still manage to come out with very stylish and nicely-designed buildings, unlike the boxed concrete
row of apartments you see in Belgium, Spain or even France.

We saw the signages of the Egyptian Museum…. Zoological Museum, then I realized, we were driving through the Museum Mile of Bonn.
Then there’s also the government buildings such as the Federal Republic of Germany, a reminder that this city with a “quaint-town-atmosphere” used to be the
capital of West Germany but after reunification in 1990, the capitalship went to Berlin, the largest city of the Fatherland.

Our target destination was Bad Godesburg, famous for its castle ruins, hoping to find an authentic German restaurant serving
authentic German food. We drove into a tunnel, missed the turn to Bad G. and were getting uneasy driving through the
seemingly unending dark and very confining underground highway so we took the next available exit we could find!

We found ourselves in some quaint but very wealthy village along the Rhine, where the houses are unmistakably costing several millions
of euros each, the size of 4-storey buildings and the style is a mix and match of Art Deco and half-timbered houses. It was lunchtime
and we were getting hungry. The only restaurant visible was a 4-star looking one that would no doubt make a dent of our visa card.
The hubby was quite willing to part with part of his fortune that moment, but luckily, it was closed.. well, it’s their lost not ours!


An enormous German house

Our attention was diverted to a boat , a wide open catamaran carrying people, bikes and cars. It was coming towards the pier where we stood.
It was the ferry taxi! We’ve seen it crossing the river backwards and forwards, disposing and picking up passengers and vehicles, non-stop.
We thought it would be exciting to try so we joined the queue of people, bikes and cars.
The fare was 90 centimes for a 5-minute crossing, but what an experience! There are no seats, you just stand, hold on to the railings and enjoy the 360degree view!


Ferry taxi
It ferries people and their vehicles to the other side of the river, seen in the background.

We got off the opposite village called Niederdollendorf, and started scouting for a restaurant.


The village of Niederdollendorf with its church

The half-timbered houses of Niederdollendorf

What an excellent find! It was exactly what we wanted and we’ve done it!.. A village German restaurant. And there’s an added bonus…
that of being able to sit in a “no-smoking” room! A nice mural of the town is nicely painted in one of the walls, very charming!
The Elvis Presley voice-alike German singer was singing “Are you lonesome tonight?” over the radio.
Great! A reassurance that this place is indeed a family-run establishment and the food will be alright and the bill will be reasonable!
After few seconds, a family with a baby arrived, seemingly just came out of the church and having their traditional Sunday lunch in this restaurant.

The 99%German/1%English- speaking owner came to give us the menu card. In my slow English (so he understands), i asked him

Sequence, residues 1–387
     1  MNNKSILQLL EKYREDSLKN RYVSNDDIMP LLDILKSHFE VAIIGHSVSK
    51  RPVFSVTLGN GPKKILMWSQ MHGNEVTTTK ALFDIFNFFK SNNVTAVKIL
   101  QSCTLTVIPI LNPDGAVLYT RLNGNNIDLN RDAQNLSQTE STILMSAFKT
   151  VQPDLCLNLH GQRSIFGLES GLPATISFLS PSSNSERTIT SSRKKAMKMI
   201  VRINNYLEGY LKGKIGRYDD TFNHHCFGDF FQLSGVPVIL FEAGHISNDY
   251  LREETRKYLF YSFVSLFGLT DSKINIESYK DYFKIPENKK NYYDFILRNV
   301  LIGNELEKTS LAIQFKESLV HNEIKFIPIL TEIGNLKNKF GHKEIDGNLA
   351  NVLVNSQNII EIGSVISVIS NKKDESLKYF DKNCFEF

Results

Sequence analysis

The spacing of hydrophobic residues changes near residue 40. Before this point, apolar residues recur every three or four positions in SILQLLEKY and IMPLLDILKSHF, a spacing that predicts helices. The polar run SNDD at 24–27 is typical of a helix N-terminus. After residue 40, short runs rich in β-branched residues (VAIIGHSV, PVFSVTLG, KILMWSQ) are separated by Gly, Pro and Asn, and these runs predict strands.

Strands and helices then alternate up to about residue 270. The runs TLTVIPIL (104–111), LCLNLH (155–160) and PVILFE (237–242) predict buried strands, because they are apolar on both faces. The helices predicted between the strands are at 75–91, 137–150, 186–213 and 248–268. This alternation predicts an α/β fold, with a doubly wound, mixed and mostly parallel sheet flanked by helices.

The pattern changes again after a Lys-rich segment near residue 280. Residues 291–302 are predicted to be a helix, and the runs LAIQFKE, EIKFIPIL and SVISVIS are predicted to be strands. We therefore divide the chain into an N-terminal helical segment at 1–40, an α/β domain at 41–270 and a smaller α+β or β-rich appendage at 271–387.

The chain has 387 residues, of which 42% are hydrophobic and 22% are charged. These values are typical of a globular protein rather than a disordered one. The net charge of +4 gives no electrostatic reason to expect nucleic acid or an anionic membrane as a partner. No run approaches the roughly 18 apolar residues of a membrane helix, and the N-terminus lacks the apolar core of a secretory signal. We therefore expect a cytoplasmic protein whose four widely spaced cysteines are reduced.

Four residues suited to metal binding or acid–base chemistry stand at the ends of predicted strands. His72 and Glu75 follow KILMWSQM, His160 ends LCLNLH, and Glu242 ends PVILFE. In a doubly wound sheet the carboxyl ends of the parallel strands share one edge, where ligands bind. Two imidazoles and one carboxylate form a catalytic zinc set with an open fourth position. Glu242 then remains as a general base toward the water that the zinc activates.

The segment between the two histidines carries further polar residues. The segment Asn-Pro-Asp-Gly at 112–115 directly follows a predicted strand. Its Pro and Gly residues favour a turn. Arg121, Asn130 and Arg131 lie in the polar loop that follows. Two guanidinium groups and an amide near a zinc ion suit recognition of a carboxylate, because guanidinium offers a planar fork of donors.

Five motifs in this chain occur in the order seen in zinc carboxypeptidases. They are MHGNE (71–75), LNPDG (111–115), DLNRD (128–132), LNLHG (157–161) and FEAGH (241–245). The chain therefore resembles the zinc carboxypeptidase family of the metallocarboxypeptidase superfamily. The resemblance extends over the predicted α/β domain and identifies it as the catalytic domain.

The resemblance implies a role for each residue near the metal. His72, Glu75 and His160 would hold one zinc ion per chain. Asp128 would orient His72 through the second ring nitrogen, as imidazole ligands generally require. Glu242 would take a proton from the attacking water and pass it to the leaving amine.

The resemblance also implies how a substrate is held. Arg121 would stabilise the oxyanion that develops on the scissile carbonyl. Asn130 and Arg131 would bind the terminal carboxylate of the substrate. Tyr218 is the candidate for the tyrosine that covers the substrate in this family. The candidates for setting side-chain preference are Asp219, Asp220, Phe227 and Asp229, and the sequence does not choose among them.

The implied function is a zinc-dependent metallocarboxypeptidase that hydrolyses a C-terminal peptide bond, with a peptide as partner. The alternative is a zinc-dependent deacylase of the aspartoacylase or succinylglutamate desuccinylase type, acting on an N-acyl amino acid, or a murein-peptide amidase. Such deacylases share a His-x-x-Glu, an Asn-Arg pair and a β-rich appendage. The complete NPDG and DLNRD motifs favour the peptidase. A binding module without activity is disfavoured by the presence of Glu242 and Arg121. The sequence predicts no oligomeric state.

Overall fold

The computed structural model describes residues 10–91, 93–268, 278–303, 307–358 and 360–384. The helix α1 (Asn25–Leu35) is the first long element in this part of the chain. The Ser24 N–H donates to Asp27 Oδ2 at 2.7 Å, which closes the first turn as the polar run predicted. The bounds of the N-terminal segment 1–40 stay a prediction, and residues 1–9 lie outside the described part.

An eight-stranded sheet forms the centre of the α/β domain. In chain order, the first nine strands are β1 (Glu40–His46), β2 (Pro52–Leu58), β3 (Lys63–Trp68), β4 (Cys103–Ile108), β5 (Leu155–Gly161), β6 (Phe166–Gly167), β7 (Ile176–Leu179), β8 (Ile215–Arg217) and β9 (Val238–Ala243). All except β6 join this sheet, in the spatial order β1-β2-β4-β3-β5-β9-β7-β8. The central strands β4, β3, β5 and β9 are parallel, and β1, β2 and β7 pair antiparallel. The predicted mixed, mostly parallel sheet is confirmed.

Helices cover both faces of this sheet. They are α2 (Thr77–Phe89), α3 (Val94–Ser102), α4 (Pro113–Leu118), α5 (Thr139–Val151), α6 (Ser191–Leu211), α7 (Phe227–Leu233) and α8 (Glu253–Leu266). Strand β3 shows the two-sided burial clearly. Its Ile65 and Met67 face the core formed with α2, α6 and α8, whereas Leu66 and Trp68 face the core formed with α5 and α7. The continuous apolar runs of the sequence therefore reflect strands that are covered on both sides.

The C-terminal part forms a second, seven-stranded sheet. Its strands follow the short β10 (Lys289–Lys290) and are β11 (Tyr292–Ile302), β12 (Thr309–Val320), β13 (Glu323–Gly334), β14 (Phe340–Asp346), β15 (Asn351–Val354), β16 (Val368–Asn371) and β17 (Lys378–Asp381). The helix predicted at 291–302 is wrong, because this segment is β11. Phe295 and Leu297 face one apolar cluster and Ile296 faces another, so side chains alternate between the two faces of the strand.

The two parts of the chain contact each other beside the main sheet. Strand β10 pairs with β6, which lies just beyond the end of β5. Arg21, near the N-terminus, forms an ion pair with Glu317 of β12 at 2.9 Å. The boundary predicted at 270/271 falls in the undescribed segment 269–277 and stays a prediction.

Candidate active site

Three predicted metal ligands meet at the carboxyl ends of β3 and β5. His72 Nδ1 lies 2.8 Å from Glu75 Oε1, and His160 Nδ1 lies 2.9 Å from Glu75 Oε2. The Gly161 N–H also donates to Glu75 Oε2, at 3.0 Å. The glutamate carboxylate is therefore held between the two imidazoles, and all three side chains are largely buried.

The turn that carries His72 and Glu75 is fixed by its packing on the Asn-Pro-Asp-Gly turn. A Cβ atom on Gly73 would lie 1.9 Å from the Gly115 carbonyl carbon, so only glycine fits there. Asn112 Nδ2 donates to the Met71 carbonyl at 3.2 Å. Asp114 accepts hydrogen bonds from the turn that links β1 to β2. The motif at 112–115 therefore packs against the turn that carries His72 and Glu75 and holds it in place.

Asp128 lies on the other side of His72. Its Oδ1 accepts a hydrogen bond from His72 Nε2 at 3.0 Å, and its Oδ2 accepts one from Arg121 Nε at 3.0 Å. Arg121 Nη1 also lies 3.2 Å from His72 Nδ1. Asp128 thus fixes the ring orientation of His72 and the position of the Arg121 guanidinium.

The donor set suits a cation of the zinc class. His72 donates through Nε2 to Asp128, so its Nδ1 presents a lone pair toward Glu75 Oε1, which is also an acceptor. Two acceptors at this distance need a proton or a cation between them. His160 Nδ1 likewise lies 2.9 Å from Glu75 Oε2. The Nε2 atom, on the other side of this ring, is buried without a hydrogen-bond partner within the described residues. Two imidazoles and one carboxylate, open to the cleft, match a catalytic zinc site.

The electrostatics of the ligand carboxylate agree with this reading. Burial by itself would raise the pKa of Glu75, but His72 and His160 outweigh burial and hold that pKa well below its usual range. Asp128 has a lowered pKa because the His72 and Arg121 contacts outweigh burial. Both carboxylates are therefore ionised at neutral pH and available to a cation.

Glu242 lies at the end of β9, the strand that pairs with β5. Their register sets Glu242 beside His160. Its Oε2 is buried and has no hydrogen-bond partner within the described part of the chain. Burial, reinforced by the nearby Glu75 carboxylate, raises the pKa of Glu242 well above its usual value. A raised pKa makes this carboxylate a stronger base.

which German cuisine he would recommend to us, and he described in half-gestures half-German what seemed to be an exciting food!


After getting served an Entrée of soup which is a mixture of brussel sprouts, vermicelli, chicken shreds and baby carrots,
the Meal of the day was as follows:

Sauerbraten rheinische
Art mit rotkohl und Klössen…. 9.50euros

Translation: beef, boiled potato, sauce and a side dish of sauerkraut (shreds of cabbage marinated in vinegar)
The beef was marinated in red wine for 24 hours then stewed for hours… à la beef bourgignon!
This 2-course meal costs 9.50 euros!
And of course, we washed it down with the very satisfying Kölsch beer.

We thoroughly enjoyed the meal, except for the sour cabbage. I can compare it with our very own “atchara” but i also hate
this Filipino salad! The Germans do love their cabbages! it’s probably the only vegetable they could grow in the Fatherland ?

They didn’t have dessert except Eis Weit..(ice cream)
So we just had kaffee….


You see a lot of game machines like this in the Fatherland.
What makes German gaming machines special is because they look very high-tech, whereas in Spain, Italy and France,
they are the more old-fashioned jukebox-looking machines


This Arc, part of the Bonn University building serves as entrance to the old town



Jewish memorial stone.
On this spot stood a synagogue, burned and destroyed during the Nazi regime


Did you know that most wigs you see sold all over the world come from India?
There is a religious event in India where the devout go on pilgrimage – young and old, men and women – their heads shaved.
All these hairs, tons and tons of them, are then delivered to a factory where they are sorted out by length, by thickness, then washed and sold “wholesale” to hair businessmen who then dye them, turn them into wigs and sell them all over the world. Europe is the biggest market!


 I know it’s crazy to eat Chinese or Japanese food in German soil but we just couldn’t resist it when we saw a sign saying
“All-you can eat Sushi and Asian food at 9 Euros!”

It was a lucky find! We have never eaten so much sushi in our life! Japanese restaurants in Europe are so expensive so we always avoided going into one.
That night, whereas we only had one plate of sushi each (rice is so filling!), the young German couple next to our table had three
platefuls! gosh, what a stomach! And yet there was still the Asian buffet table to attend to!


Dont go to this cafe! 
A café-bar to avoid, located in Remigiosplatz. We went to this place twice and both times, two different waitresses never gave us the change!

formerly 'A Pinay in Europe'